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selective mutism - any experience with this?

(32 Posts)
Jokat Thu 06-Dec-12 22:30:30

My dd1 (just turned 4) has been in pre-school since the age of 2.5. After ten months, her key worker talked to me about her not ever having spoken to any of the children, even though she was happily talking to several of the teachers and also in the presence of the other children, only her speech was never directed at them.
She does have several normal friendships with girls and boys who are my friend's children and chats with them freely and chirpily.
The teachers at pre-school have tried everything they can think of, incl. sticker charts, forming very small groups for activities etc to get her to talk to other kids there. Last year, she did finally start talking to a little boy who loved her so much that he never gave up and talked at her endlessly until she "gave in". He was the only one, apart from a little girl who she talked to on a few occasions when the little boy wasn't there. He then went on to big school in September.
This school year she befriended a pair of twins, and while she played with them often, and they often held each others' hands, giggled, laughed and sat together, she did not speak to either of them until this week. (I was sooo happy, and so was she! grin) She mentions other children to me occasionally, but doesn't ever speak to them.
Anyway, I have been looking into selective mutism and she seems to tick quite a few boxes. Our occupational therapist (dd has got cp as well) has arranged for us to get onto the waiting list for speech and language therapy as I heard they would be the relevant people to get in touch with.
I would love to hear from anyone who has dealt with selective mutism before, to hear how and by whom it was diagnosed, who got involved to deal with the issue (speech and laguage therapists or educational psychologists?), and how your dc got supported in school if at all?
Thank you very much for reading. X

aladdinsane Thu 06-Dec-12 22:37:23

Not directly but I read a very good book by a therapist working with selectively mute children
she was against the dreaded sticker charts and other behavioural methods
she assumed the child would talk and spoke to them as if they would without making any big deal out of it if they didn't
She said it works in a non established relationship- so a new ( to the child ) member of staff
I've been racking my brains to think of the author and its just come to me - Tory Hayden - but sorry, I can remember which one

Jokat Thu 06-Dec-12 22:56:26

Hi aladdinsane, thank you for responding. I'll see if I can find th eright one. I'm not surprised he wasn't keen on sticker charts etc. It only made more of an issue out of it and made her a bit obsessed, e.g. she would anounce (unprompted) before pre-school that she would not speak to any of the children and would tell us afterwards that she didn't. When we realized that this wasn't working either, we stopped it and all agreed (incl grandparents, staff etc) not to bring it up any more at all and if she brings it up herself to only reply with a not-bothered "okay" or "that's fine". Since then she has mentioned it less and less, so having taken that pressure away has certainly helped in that respect.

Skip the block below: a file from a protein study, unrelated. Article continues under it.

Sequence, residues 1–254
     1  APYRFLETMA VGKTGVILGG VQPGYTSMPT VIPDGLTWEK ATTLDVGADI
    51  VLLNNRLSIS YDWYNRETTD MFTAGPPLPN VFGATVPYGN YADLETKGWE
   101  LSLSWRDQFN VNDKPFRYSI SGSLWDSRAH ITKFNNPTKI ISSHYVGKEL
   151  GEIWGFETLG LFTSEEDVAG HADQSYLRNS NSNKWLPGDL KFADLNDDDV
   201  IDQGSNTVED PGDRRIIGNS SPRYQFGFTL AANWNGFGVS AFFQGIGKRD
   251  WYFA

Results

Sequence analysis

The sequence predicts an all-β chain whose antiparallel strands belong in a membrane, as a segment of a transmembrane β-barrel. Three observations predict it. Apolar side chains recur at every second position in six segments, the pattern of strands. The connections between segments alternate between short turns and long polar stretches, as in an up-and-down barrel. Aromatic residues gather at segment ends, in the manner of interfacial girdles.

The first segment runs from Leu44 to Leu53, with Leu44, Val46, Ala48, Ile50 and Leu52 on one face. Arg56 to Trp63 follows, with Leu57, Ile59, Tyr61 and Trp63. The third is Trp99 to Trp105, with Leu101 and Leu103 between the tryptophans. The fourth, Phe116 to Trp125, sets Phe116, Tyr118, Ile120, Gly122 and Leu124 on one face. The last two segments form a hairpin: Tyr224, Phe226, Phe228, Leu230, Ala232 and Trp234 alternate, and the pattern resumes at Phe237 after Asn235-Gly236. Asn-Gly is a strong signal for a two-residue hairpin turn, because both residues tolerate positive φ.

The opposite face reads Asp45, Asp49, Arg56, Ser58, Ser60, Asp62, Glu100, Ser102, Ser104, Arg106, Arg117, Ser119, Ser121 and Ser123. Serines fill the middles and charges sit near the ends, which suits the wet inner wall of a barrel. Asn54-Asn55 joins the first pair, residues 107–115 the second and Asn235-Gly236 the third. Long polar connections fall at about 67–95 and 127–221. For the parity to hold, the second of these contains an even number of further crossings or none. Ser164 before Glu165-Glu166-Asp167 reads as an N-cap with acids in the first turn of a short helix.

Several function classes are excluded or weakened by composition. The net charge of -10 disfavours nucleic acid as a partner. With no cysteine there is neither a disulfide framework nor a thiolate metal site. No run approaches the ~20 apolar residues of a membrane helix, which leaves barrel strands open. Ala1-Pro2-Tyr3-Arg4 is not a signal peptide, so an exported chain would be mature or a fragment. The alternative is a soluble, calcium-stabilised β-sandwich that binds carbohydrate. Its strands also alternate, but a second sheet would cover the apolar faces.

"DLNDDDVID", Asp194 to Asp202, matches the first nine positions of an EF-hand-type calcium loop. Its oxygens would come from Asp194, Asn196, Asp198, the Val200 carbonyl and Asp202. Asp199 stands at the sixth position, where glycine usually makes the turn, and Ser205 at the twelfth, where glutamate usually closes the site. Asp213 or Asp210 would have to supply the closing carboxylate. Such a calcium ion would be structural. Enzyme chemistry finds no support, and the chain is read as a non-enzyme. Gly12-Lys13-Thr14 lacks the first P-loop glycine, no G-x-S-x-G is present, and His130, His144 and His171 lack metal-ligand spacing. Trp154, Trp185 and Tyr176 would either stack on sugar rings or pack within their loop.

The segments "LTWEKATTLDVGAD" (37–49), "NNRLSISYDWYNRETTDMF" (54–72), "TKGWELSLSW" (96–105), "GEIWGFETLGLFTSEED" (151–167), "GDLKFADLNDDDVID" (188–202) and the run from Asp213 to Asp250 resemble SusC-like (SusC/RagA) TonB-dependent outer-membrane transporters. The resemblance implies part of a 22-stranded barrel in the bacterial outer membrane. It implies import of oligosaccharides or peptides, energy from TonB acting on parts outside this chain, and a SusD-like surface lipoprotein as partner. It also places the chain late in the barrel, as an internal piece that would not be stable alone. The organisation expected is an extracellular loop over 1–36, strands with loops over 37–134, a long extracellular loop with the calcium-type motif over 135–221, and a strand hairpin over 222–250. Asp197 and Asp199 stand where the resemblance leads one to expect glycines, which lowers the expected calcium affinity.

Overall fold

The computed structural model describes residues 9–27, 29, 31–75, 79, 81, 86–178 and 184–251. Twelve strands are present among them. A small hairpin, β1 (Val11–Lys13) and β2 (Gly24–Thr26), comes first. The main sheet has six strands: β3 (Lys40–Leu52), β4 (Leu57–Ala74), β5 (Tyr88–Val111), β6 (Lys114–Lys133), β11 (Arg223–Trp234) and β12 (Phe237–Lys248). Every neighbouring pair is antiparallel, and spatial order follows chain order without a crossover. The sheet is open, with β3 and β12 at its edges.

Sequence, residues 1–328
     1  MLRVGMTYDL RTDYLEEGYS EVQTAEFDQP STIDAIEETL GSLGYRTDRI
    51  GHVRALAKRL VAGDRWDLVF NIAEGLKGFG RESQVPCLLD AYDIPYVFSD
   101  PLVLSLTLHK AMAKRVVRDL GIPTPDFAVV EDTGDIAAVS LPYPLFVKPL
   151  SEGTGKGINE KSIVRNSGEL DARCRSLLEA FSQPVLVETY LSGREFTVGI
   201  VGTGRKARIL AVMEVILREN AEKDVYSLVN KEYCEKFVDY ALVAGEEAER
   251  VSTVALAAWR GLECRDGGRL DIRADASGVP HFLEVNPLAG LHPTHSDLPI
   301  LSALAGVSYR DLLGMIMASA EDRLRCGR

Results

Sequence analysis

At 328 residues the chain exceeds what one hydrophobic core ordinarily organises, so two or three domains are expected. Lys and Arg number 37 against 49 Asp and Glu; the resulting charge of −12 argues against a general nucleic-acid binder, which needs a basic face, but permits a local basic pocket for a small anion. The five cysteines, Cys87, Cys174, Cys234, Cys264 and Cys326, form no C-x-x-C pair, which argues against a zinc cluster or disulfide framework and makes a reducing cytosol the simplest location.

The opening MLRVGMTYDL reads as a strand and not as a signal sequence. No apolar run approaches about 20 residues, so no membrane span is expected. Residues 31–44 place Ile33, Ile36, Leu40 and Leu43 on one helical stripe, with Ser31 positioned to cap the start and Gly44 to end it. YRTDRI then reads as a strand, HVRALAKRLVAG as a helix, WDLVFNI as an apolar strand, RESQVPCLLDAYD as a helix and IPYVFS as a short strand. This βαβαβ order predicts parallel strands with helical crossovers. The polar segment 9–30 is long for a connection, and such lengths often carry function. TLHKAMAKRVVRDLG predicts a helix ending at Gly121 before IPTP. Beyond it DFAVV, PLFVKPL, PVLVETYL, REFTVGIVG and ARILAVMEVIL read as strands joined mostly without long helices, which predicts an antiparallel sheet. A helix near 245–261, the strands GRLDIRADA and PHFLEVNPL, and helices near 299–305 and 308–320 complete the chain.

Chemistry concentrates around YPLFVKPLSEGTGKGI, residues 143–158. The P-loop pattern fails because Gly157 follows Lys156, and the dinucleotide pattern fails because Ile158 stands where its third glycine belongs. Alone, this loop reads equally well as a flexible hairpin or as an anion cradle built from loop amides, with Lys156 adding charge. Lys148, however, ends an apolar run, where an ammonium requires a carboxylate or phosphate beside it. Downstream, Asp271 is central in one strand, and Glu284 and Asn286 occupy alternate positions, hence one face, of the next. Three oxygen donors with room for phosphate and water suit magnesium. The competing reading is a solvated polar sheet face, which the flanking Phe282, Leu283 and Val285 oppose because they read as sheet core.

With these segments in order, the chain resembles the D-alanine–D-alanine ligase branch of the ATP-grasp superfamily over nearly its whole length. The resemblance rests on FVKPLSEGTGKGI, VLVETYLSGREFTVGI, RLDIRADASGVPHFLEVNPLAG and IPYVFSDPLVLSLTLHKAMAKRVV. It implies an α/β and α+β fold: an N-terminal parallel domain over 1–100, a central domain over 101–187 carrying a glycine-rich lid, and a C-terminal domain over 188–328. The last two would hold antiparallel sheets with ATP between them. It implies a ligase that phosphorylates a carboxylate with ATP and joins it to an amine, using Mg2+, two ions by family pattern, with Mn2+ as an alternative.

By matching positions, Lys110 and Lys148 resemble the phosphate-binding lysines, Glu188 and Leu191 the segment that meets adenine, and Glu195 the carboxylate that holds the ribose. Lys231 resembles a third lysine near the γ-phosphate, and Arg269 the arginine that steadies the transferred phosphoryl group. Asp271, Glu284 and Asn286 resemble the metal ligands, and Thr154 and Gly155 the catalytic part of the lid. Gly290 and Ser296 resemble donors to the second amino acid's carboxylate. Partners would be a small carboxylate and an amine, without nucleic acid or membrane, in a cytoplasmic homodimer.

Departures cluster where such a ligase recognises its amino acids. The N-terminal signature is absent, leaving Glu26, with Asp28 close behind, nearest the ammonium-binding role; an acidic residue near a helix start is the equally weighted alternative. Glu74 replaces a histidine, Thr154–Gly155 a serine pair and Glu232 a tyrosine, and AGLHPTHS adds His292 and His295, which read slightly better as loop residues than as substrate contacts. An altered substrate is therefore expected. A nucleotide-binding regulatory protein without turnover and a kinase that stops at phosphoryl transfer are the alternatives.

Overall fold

MrsJourns Fri 07-Dec-12 07:33:46

I've worked with three children over the years who would have been classified as selectively mute. The first two were twins in my Reception class, they happily played with each other and over the course of the year started to mix with a few children in the class. By the time they left the school in Y6 they were both loud, boisterous members of the class. From my recollection S&L were involved with both girls, and they were diagnosed as selectively mute. They would go off for a weekly appointment but I don't remember much contact with school.
The third child was a girl I taught in nursery. I had taught other members of the family and they were all quiet children who were bright and very popular. She was incredibly able and always playing with other children, she just didn't talk. She started talking a little by the end of nursery, and by the end of Reception she was talking in front of the whole class. In her instance S&L weren't involved. In all cases we didn't make a fuss (when they were quiet or when they started talking), included them in all activities, and monitored their development over time. I know the condition is far more common in girls and in my experience the children I have dealt with have 'grown out of it', given time and no pressure.

Whistlingwaves Fri 07-Dec-12 07:46:56

Message withdrawn at poster's request.

Whistlingwaves Fri 07-Dec-12 07:52:52

Message withdrawn at poster's request.

Jokat Fri 07-Dec-12 20:01:51

Thank you very much everyone.
She does sometimes give a response (not so much to children but to adults she's not very familiar with) by telling me the answer, or she asks me to respond to them. I feel better now that some of you say this is a step in the right direction.
I've read somewhere that this condition only gets worse if not treated, so it's very interesting to hear that the children you worked with Mrs Journs seem to have grown out of it without much professional input.
Thank you all for giving me some precious insight into how this can turn out!

DiamondsRaGirlsBestfriend Fri 07-Dec-12 20:12:57

this might be useful info

Jokat Fri 07-Dec-12 20:25:33

Thank you Diamonds, just had a look, it's very helpful!

Wallace Fri 07-Dec-12 21:08:14

My dd had SM throughout nursery and into primary 1. No pressure was put on her to speak and she had a few cards to say when she needed the loo or she felt ill. The classroom assistant knew sign language so the whole class was taught songs etc with sign language so dd could join in.

Halfway through P1 (age 5.5) she started speaking a little. She is now in P7 (last year of Primary) and speaks confidently and clearly in front of the whole school grin